SIMON Stones’ childhood was turned upside down when he was diagnosed with Crohn’s Disease aged just 14.

The debilitating illness means Mr Stones suffers with chronic fatigue, abdominal pain and malnutrition.

But the 20-year-old from Daisy Hill refused to let the disease stop him from going to university and having a full social life.

Crohn’s is an autoimmune condition affecting the bowel.

It is caused when the immune system triggers the release of a protein — tumour necrosis factor-alpha — which kills the ‘good bacteria’ in the gut.

Chron’s causes inflammation of the lining of the digestive system and can affect anywhere from the mouth to the back passage.

As well as the symptoms Mr Stones experiences, Crohn’s patients have to live with diarrhoea, constipation and weight loss.

About 115,000 people in the UK have Crohn’s, with most diagnosed between their mid-teens and late 20s.

One of highest profile sufferers is The Only Way Is Essex star Sam Faiers and new figures suggest that it is on the rise.

There has been a 300 per cent increase in the number of 16 to 29-year-olds receiving treatment in England for Crohn’s in the past 10 years, according to the Health and Social Care Information Centre.

Scores of sufferers took to the web last week to share “selfies” of their colostomy bags — prompted by model Bethany Townsend’s proud post of herself in a bikini on Instagram.

Mr Stones, who is in his second year at Manchester University, has welcomed the discussion and says he wants to improve support for children and teenagers living with Crohn’s.

The biomedical sciences student has given talks to young patients at the Royal Manchester Children’s Hospital and has already taken part in research for a new mobile “app” for Crohn’s sufferers.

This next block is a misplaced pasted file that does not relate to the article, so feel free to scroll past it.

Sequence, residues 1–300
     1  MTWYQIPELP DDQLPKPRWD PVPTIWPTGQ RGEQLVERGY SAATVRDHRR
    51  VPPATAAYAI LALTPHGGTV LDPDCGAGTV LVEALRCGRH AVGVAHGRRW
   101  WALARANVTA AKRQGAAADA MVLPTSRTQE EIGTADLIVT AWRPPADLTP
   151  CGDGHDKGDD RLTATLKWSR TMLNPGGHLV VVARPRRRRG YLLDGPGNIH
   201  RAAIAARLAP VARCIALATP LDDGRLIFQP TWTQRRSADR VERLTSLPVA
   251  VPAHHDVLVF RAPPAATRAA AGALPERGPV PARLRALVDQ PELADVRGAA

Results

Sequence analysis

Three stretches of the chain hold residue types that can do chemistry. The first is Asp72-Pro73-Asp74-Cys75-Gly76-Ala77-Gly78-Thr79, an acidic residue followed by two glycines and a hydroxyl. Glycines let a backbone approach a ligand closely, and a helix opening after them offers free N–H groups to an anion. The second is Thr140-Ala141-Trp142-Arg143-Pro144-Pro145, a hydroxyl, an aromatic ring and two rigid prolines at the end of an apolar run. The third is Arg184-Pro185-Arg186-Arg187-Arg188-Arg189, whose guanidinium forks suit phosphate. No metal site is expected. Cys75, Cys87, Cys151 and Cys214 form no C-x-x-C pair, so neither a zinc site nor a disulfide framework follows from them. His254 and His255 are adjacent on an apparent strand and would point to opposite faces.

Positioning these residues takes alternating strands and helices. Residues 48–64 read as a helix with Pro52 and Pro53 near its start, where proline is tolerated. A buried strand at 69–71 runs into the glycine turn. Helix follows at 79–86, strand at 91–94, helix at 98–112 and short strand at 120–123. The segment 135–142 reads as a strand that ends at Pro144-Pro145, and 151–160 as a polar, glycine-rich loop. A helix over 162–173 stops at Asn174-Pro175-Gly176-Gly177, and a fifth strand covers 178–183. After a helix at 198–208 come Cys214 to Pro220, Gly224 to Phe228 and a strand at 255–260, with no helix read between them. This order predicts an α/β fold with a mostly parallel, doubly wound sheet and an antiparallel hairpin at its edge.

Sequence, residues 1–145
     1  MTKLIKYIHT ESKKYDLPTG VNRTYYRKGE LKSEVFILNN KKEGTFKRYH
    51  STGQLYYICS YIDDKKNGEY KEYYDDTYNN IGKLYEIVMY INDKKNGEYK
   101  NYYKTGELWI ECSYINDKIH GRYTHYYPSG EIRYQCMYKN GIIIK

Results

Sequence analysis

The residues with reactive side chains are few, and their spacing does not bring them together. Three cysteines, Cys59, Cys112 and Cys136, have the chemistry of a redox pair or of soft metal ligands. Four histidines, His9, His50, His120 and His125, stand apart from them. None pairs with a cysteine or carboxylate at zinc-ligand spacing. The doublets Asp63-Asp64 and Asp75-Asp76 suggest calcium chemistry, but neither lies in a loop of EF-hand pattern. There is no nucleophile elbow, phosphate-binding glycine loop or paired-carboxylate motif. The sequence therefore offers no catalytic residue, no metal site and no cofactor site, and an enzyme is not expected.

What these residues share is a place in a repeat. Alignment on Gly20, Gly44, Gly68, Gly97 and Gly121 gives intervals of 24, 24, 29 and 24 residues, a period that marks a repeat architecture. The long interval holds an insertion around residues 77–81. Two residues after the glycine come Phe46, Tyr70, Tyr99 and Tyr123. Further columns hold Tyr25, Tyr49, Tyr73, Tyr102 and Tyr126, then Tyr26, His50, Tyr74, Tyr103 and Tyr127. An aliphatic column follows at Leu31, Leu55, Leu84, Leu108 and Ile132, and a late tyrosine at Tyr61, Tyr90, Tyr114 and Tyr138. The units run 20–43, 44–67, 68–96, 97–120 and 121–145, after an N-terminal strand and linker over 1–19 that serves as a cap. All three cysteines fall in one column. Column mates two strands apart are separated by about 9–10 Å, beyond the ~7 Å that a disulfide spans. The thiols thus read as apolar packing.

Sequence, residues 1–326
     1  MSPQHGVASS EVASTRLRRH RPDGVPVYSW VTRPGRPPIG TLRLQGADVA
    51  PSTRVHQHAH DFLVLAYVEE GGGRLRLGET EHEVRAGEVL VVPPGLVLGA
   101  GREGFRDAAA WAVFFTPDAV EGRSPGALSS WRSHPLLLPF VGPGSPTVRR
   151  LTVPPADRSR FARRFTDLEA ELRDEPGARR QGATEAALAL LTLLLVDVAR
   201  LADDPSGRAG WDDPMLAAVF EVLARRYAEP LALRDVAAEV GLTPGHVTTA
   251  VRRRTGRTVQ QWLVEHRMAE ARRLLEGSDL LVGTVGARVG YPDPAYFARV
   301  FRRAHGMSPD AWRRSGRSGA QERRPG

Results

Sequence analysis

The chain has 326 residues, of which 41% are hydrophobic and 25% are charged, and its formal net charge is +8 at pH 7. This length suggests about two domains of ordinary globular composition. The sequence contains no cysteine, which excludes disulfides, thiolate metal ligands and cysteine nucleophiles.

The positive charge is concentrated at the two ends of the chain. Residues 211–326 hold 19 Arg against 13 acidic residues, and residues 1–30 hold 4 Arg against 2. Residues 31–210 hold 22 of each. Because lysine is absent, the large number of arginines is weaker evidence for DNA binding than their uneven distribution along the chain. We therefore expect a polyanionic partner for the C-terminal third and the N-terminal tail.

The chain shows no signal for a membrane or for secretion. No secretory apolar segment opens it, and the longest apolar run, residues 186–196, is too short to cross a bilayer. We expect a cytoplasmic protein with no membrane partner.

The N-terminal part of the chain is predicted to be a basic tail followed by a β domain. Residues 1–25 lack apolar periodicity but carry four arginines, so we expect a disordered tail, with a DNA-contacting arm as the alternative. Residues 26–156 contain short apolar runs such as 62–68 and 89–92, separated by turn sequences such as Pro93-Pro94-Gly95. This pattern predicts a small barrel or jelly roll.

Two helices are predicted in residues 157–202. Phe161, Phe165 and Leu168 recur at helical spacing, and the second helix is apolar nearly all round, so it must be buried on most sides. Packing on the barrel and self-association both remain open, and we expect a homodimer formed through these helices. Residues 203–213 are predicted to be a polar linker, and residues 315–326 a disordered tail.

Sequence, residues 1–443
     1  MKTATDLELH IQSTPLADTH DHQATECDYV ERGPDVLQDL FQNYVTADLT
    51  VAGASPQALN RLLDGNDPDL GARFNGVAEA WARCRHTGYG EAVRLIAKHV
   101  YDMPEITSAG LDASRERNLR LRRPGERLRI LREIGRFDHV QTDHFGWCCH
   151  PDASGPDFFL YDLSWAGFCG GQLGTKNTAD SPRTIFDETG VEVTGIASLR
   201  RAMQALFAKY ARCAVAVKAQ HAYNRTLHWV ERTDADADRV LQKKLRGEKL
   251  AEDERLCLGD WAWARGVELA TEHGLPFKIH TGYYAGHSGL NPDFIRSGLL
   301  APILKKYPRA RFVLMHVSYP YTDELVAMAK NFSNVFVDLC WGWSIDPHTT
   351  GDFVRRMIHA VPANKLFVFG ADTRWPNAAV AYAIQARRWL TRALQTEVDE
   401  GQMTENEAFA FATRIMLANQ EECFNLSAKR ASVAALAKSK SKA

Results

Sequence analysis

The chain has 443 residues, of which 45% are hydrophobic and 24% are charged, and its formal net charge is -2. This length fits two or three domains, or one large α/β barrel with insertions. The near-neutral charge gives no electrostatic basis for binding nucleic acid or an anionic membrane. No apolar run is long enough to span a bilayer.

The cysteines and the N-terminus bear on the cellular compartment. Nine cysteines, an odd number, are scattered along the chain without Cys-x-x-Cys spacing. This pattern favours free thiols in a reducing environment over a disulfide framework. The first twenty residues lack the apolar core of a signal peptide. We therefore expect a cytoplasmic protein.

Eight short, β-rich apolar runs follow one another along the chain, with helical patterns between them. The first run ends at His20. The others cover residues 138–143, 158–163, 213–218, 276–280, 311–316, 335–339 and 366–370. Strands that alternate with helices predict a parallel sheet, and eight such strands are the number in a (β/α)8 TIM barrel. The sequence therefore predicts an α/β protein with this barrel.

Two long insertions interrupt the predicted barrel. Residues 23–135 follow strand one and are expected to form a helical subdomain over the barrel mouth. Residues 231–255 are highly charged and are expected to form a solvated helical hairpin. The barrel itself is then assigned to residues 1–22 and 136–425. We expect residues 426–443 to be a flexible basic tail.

He said: “I want people to know that your life doesn’t have to stop because of Crohn’s disease.

“I always knew I wanted to go to university and I was determined to not let my illness get in the way of that.

“I’ve just had to learn to live with the constant discomfort caused by Crohn’s.

“It’s is often triggered by stress, which means you’re always worrying about whether you’re going to need to run to the toilet. It can be embarrassing too because my stomach makes all sorts of noises in lectures.”

Mr Stones’ health problems started as a three-year-old when he developed arthritis, another autoimmune disease where the body attacks itself.

The arthritis meant the St Joseph’s High School pupil could not take part in any sport and eventually the affliction put him in a wheelchair.

Doctors did manage to treat the arthritis, but Mr Stones was still suffering with symptoms of the undiagnosed Crohn’s disease.

He was going to the toilet up to 12 times a day and suffered with stomach pains.

His mother, Sandra Stones, pleaded with doctors for a further investigation until they were referred to the Royal Manchester Children’s Hospital.

A camera inserted down Mr Stones’ throat revealed ulcers all the way down his oesophagus to his stomach, confirming he had Crohn’s.

He was put on a polymeric diet for eight weeks to boost his nutrients and bring down the inflammation of his bowel.

He said: “It was really tough because I was taken off all foods.

“All I could think was how much I fancied a plate of chips or a normal dinner instead of those milky drinks. It was really hard to stick at it for so long but I knew I had to get on with it.

“The pain and the fatigue are the hardest things to deal with. It feels like you’re being knifed in the stomach sometimes.

“That in itself is exhausting. You can have 12 hours sleep and still wake up exhausted. I’ve had to learn to plan around the tiredness.

“If I want to go out at night with my friends I have to make sure I have a day off the next day.”

Mr Stones, of Daisy Hill, is hoping to carry out research into arthritis once he has graduated from university.

He also wants to improve the transition from paediatric to adult hospital care to help those suffering from Crohn’s.

He added: “I think it’s good that more people are talking about Crohn’s disease but I think more could be done to help young patients adjust to adult care.”

For more information about Crohn’s Disease, go to: